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Jolly Rice - An Unapologetically Non-Authentic Jollof

Jollof rice, which is a West African dish very common in Ghana and Nigeria is the basis for a “merry war” between the two countries on who makes the best. But the dish actually originated with the Wolof tribe found in Senegal, Gambia and Mauritius.

It’s a very flavorful dish that is cooked in a sauce made with fresh vegetables, spices that are blended together and then cooked with the rice.

Jollof rice can be quite complex - the last Ghanian recipe I looked at had 42 ingredients. So I’ve taken some liberties here, making it my own and making it simpler.


Tomato Puree Ingredients

1 tablespoon palm oil

½ yellow onion chopped

3 cloves garlic chopped

2 teaspoon fresh ginger chopped

2 habanero chilis seeded and chopped*

6 oz can of tomato paste

12 oz canned diced tomatoes

1 teaspoon curry powder

1 teaspoon smoked paprika

1 teaspoon salt


Jollof Ingredients

2 cups Tomato Puree, above

1 pound sage sausage

2 cups jasmine rice rinsed and drained**

¼ cup palm oil or olive oil

½ yellow onion chopped

1 medium red bell pepper

1 tablespoon curry powder

½ tablespoon smoked paprika

1 teaspoon kosher salt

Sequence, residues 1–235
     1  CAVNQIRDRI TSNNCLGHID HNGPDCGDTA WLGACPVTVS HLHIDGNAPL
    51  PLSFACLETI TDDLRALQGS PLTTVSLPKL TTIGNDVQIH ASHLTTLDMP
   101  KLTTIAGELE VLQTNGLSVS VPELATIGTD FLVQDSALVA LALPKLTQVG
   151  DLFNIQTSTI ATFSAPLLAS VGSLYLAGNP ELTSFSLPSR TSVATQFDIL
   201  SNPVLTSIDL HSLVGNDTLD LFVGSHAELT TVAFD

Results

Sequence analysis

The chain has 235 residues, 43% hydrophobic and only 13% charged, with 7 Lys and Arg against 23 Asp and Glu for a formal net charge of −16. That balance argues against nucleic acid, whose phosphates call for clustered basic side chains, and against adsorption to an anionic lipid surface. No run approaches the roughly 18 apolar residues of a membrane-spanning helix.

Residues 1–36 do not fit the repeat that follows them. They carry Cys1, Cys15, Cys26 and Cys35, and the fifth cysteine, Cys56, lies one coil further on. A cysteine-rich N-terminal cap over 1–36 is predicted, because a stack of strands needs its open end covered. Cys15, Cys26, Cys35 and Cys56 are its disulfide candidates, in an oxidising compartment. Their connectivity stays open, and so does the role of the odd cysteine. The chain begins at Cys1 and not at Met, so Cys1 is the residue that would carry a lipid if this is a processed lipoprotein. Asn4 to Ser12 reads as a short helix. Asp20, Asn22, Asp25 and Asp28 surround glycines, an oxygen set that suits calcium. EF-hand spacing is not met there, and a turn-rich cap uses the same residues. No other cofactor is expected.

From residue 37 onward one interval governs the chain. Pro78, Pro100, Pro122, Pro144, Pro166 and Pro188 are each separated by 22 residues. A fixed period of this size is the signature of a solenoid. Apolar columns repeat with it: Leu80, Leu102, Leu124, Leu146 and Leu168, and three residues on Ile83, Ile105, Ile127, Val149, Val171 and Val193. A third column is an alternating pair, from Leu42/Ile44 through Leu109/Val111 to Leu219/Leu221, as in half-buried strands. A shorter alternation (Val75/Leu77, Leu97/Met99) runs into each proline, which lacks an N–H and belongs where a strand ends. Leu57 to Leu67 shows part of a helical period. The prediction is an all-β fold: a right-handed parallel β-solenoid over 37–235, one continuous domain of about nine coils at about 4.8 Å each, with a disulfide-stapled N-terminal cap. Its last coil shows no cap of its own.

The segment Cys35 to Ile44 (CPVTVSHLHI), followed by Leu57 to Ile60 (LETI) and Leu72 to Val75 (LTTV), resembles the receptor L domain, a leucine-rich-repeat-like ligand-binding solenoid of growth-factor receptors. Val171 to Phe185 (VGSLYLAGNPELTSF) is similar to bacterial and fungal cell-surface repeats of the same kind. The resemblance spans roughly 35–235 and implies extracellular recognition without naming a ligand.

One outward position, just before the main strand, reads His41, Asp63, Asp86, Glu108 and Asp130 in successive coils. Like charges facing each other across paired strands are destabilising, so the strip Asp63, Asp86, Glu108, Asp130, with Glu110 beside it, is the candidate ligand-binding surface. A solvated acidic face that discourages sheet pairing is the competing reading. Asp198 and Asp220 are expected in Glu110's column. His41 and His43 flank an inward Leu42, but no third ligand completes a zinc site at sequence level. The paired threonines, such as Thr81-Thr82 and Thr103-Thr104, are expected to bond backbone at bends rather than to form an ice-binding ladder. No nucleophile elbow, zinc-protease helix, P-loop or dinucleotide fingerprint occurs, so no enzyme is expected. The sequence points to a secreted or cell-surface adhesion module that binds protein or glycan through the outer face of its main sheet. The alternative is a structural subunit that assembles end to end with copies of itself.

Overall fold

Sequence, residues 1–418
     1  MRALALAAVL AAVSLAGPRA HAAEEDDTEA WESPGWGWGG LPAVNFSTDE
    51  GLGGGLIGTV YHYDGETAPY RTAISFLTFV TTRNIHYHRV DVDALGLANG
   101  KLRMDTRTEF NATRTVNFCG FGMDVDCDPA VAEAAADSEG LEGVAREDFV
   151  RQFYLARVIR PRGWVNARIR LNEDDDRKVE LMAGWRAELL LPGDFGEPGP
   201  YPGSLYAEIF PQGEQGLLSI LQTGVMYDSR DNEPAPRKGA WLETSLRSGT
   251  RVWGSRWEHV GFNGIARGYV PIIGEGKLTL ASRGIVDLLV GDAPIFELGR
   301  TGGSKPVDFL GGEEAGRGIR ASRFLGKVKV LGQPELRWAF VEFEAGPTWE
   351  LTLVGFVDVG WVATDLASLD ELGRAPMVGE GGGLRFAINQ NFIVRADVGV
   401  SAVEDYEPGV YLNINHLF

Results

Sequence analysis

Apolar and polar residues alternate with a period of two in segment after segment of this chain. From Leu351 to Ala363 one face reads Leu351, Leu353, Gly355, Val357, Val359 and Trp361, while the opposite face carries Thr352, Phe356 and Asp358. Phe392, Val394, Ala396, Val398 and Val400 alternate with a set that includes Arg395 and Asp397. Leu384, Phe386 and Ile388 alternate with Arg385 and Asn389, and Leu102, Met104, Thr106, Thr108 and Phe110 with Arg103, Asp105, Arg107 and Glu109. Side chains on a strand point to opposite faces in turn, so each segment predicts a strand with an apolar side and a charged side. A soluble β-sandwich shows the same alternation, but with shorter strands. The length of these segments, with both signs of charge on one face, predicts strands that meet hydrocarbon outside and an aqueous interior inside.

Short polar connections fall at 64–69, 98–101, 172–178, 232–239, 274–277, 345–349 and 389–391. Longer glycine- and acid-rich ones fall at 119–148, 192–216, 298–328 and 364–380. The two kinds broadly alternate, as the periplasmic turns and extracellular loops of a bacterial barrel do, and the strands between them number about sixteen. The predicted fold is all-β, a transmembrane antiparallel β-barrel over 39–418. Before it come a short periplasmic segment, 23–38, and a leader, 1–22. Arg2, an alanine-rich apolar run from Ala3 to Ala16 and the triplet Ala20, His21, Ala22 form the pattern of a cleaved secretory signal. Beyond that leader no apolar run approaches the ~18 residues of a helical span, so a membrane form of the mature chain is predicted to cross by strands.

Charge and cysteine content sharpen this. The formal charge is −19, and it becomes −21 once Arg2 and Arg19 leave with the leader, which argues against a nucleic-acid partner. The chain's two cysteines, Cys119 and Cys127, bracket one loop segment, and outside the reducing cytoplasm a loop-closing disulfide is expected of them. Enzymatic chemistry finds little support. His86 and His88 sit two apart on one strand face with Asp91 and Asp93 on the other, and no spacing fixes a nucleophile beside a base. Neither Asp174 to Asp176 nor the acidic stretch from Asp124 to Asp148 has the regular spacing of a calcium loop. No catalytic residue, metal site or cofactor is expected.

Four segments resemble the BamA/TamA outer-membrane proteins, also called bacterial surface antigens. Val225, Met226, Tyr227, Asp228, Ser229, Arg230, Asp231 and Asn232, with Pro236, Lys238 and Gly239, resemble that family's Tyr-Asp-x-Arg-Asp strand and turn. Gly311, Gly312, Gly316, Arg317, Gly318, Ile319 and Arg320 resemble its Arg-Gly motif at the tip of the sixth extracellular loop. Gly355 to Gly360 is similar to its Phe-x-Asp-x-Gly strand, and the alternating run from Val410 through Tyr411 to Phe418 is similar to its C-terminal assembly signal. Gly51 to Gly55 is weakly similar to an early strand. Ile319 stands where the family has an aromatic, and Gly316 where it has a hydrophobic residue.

1 teaspoon black pepper

1 bay leaf

1 teaspoon dried thyme


Tomato Puree Method

In a large skillet heat the oil over medium heat. Add the onions and season with salt and other spices. Cook until onions become translucent, 3-5 minutes

Add garlic, ginger, and chilis and cook for another 2-3 minutes. * I can’t do habanero peppers - they’re just too hot for me, even though this is supposed to be a very spicy dish. I used 2 jalapenos and a small poblano.

You should have a nice aroma now and can add the tomato paste, cooking for another 6-8 minutes. Note: Stir well to ensure paste is incorporated well with the vegetables and cooks evenly.

Transfer all ingredients to blender or food processor and add the diced tomatoes. Process until smooth. Set aside.


Jollof Method

In a large skillet over medium, heat the oil until shimmering. Add the sausage and onion and cook, stirring, until the onions begin to brown, 6 to 8 minutes.

Add bell peppers and cook about 3 minutes.

** Don’t skip the step of thoroughly rinsing the rice. Rinse it until the water runs clear. This reduces the starch and helps the rice keep its shape.

Stir in the rice, curry powder, paprika, thyme, 1 teaspoons salt and 1 teaspoon pepper. Cook, stirring, until the rice is fragrant, 1 to 2 minutes.

Stir in the bay leaf and 1½ cups water, bring to a simmer and cook, stirring occasionally, until most of the water has been absorbed, about 2 minutes.

Stir in the tomato puree and return to a simmer, then reduce to medium-low. Cover and cook until almost dry and the rice is tender, 12 to 15 minutes.

Let the rice sit for at least 5 minutes after it’s done cooking, then fluff with fork.

If it’s available to you, use palm oil. It will give the rice a distinct red color as well as that African flavor, but other oils are perfectly suitable as palm oil is not readily available.

Jollof is a good dish on its own, but I served it alongside some Pollo a la Brasa - Peruvian grilled chicken. Quite a mix of continents, I suppose.

If you’d like that recipe, go to my food blog - https://www.playingwithfoodblog.com/post/peruvian-primer-pollo-a-la-brasa



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